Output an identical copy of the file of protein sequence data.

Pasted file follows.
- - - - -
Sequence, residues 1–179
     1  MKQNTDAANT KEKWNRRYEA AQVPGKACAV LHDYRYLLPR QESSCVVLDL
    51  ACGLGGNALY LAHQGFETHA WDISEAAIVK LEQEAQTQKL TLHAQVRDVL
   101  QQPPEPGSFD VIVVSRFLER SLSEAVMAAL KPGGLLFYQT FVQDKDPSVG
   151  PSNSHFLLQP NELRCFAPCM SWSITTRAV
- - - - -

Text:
Sequence, residues 1–179
     1  MKQNTDAANT KEKWNRRYEA AQVPGKACAV LHDYRYLLPR QESSCVVLDL
    51  ACGLGGNALY LAHQGFETHA WDISEAAIVK LEQEAQTQKL TLHAQVRDVL
   101  QQPPEPGSFD VIVVSRFLER SLSEAVMAAL KPGGLLFYQT FVQDKDPSVG
   151  PSNSHFLLQP NELRCFAPCM SWSITTRAV